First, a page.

A Brief History

✤ All ancient pharmacopoeias are full of information about the use of aromatic plants.

✤ Anthropologists speculate that primitive use of aromatics began with the burning of gums and resins for incense, and smudging with aromatic plant material.

✤ Egyptians utilized the essential oils medicinally over 5,000 years ago, we have learned how the resins, balms, and fragrant oils were used by the priests, who were also the doctors, for magical and religious ceremonies, for embalming, and as an offering to their gods.

✤ Frankincense could still be smelled in the tomb of Tutankhamen when opened thousands of years later.

✤ Many hieroglyphics on the walls of temples depict recipes and blends of essential oils.

✤ In the 1880’s micro-organisms we discovered as playing a role in disease and by 1887 French physicians show records of laboratory tests on the anti-bacterial properties of essential oils. These early tests resulted from the observation that there was a low incidence of tuberculosis (TB) in the flower growing districts in southern France. In 1888 a publication shows the micro-organisms of glandular and yellow fever were easily killed by active properties of oregano, Chinese cinnamon, angelica and geranium.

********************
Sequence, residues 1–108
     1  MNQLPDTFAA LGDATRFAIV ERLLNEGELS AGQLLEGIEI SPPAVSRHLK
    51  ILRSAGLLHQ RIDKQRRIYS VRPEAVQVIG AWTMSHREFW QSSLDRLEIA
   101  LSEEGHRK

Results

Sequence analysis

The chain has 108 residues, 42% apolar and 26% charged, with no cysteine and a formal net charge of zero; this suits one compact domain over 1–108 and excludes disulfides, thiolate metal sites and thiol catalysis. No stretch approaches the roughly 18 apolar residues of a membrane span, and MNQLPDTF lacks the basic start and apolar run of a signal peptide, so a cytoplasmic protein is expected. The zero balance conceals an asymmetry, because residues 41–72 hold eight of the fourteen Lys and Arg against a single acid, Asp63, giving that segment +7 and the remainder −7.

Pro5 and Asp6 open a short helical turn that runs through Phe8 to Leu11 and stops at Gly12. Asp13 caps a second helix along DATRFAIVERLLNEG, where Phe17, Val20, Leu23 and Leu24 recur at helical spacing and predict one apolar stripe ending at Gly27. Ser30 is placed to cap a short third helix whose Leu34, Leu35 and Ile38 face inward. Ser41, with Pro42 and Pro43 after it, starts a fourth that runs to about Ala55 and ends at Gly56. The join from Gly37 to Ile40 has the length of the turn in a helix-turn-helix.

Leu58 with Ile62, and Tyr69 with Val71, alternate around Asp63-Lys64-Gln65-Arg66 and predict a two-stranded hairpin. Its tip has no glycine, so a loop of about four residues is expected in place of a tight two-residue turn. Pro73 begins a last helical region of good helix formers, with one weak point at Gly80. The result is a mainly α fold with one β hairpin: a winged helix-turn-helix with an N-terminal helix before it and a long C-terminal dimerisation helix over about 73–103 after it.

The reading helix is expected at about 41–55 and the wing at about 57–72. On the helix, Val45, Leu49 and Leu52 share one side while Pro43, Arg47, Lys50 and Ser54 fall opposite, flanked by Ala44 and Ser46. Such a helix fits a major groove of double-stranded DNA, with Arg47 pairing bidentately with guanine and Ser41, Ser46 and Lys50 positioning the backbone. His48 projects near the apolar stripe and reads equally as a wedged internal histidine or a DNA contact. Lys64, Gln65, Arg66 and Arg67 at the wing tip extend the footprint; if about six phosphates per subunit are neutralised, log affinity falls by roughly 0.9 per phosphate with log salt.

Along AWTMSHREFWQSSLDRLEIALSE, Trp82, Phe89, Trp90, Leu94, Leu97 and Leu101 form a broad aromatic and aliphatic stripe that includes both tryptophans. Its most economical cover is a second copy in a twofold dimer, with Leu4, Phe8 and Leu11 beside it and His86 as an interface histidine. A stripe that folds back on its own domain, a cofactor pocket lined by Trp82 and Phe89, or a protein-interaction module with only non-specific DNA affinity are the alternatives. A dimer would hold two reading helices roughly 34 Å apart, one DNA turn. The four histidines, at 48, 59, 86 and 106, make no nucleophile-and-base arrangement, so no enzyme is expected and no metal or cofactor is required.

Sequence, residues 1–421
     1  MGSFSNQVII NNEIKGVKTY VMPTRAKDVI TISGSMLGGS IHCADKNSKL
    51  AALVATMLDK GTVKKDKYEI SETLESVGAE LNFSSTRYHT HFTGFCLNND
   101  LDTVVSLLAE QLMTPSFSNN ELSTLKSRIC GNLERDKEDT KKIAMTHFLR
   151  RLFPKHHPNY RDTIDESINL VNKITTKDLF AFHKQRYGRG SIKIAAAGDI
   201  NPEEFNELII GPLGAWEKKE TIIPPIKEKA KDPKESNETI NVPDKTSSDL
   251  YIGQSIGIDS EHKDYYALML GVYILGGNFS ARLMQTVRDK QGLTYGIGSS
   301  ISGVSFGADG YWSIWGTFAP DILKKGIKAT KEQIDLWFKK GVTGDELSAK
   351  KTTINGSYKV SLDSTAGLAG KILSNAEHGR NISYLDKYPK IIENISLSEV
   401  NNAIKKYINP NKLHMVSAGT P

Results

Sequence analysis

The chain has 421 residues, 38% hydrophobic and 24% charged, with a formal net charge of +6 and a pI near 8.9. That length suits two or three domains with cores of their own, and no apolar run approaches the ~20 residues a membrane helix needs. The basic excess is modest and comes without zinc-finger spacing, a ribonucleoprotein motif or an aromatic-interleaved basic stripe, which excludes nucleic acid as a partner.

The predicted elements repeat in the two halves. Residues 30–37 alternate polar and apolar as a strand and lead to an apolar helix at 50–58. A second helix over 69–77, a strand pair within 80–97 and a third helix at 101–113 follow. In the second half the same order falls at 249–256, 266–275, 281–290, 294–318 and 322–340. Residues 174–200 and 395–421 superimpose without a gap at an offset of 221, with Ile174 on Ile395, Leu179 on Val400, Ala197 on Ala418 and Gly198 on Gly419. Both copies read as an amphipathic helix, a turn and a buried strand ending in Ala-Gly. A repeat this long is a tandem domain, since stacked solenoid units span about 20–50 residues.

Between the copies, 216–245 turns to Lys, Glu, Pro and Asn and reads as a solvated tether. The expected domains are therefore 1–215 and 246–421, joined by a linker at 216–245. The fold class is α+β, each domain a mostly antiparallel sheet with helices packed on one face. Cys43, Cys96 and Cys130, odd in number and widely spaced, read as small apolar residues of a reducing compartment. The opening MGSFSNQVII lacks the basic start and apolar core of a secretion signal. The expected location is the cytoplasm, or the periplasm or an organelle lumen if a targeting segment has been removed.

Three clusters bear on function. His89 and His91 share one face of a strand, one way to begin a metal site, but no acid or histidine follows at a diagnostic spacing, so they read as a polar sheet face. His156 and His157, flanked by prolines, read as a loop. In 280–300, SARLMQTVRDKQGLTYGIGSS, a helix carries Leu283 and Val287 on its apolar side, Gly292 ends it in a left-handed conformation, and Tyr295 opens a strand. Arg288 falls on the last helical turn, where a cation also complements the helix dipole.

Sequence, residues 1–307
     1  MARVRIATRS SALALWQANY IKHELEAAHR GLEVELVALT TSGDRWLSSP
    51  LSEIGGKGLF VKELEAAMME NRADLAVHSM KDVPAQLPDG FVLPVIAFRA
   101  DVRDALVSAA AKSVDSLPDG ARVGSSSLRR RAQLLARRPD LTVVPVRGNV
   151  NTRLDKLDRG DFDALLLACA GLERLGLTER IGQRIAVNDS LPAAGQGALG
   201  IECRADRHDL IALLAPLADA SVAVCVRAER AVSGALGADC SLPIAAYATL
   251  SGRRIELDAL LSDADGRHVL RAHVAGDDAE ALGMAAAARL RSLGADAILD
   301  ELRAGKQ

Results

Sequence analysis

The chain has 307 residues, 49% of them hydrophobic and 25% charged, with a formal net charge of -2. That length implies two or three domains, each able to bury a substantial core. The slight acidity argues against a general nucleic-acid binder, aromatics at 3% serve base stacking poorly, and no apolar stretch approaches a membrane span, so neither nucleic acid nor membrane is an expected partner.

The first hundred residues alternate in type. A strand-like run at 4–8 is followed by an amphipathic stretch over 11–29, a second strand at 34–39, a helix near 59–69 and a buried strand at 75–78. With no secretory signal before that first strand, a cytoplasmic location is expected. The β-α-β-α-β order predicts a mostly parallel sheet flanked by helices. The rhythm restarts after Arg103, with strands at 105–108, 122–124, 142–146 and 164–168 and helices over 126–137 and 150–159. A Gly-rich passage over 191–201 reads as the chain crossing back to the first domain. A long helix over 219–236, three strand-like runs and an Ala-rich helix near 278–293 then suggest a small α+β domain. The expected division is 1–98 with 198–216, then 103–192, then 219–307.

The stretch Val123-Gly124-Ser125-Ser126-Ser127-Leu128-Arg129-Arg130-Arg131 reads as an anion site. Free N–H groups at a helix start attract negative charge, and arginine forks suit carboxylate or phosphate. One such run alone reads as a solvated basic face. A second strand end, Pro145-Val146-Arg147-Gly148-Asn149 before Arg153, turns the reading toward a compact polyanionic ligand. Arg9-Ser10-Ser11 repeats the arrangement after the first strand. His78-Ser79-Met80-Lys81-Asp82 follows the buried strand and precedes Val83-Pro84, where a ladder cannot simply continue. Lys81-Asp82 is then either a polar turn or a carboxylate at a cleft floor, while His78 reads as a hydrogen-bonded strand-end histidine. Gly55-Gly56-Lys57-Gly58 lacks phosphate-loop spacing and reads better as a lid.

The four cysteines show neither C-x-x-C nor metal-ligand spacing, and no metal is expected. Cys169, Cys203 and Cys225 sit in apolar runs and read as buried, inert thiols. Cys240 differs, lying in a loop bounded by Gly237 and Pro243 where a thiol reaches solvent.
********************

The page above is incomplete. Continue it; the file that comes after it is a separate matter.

✤ The actual term “aromatherapy” first originated in 1937 when Rene-Maurice Gattefosse a French chemist who was interested in essential oils, was severely burned as a result of an explosion during lab experiments, he later applied essential oil of lavender to the wounds. The rapid and remarkable healing that occurred inspired him to write the first modern day book on the use of essential oils entitled “Aromatherapie” in 1937.  He coined the term Aromatherapy.

Plants that wake when others sleep, timid jasmine, buds that keep their fragrance to themselves all day, but when the sunlight dies away lets the delicious secret out to every breeze that roams about.

Thomas Moore